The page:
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Fallen leaves, crisp apples and a dusty country road that leads us to a farm’s pumpkin patch herald the start of autumn here on the North Coast.
Take a trip to your local nursery and you will find plenty of excitement there, fresh fall landscape shrubs, colorful salvias and plump daffodil bulbs. There is much to do in the garden these days. Consider the following:
Sow cover crop seeds: Fall is an ideal time to beef up your soil’s fertility. The easiest, most economical way to do this is to sow cover crop seeds and allow the crop to grow all winter through early spring. Clover, rye, vetch, field peas and bell beans are great for protecting bare soil from heavy rains. Legume types will add nitrogen to the soil, as well as fair amounts of organic matter.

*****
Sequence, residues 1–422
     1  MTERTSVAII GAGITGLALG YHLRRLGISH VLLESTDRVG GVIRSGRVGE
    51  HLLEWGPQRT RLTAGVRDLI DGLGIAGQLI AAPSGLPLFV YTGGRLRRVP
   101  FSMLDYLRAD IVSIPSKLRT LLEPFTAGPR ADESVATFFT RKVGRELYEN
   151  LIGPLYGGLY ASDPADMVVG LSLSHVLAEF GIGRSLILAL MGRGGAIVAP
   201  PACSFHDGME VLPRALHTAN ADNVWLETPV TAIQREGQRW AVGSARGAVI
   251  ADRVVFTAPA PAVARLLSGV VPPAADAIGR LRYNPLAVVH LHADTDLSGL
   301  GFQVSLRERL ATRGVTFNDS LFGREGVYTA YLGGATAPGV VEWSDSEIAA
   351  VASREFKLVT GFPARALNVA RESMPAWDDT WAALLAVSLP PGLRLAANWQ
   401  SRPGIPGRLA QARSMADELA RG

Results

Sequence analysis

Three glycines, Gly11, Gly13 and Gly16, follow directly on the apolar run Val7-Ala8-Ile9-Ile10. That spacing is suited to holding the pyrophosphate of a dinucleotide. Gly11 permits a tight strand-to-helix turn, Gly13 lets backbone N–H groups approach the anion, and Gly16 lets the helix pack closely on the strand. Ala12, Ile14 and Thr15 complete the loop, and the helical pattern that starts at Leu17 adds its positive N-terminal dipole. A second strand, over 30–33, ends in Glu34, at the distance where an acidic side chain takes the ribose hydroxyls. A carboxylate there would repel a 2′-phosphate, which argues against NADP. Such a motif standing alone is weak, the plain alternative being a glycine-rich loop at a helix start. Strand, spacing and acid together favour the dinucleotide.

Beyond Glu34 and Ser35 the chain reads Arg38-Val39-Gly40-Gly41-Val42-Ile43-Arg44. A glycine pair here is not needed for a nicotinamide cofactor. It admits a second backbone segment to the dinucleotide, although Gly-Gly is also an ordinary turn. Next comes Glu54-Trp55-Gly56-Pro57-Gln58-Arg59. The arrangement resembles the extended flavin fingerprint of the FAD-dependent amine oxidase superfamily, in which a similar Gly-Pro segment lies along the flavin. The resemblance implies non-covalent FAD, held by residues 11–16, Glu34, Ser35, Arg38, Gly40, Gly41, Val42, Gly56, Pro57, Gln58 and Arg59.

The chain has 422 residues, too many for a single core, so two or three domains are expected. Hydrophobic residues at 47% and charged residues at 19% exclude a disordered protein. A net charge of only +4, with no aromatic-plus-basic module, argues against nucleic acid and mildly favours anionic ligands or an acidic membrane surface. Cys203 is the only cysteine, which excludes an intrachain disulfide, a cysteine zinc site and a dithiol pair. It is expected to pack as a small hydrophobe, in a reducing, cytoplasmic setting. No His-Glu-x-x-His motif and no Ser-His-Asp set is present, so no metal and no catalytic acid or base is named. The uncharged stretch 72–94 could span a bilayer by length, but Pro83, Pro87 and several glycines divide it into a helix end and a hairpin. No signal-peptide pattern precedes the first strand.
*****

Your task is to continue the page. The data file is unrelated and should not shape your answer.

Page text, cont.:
Plant more: This is a good month to plant spring flowering bulbs and cool-season vegetable starts. Sow seeds of carrots, beets and Asian greens. If you are fond of fava beans, now is the time to plant for late spring harvest.
Water: Keep watering until the rainy begins in earnest. This means to continue watering berries, roses and newly planted landscape ornamentals. It also means you may have to deeply water more established trees and shrubs if they begin showing signs of stress.
Wait: Do not apply new mulch until after soaking rains have begun.
Weed: Recent light rain events have encouraged the sprouting of dormant weed seeds. Rake, hoe or spray with a strong solution of vinegar and soap.
Add color: Check out the exciting fall color at your local nursery. There you will find fall-blooming salvias, cyclamen, primulas, violas, pansies and more.
Terry Kramer is the site manager for the Humboldt Botanical Garden and a trained horticulturist and journalist. She has been writing a garden column for the Times-Standard since 1982. Contact her at [email protected]
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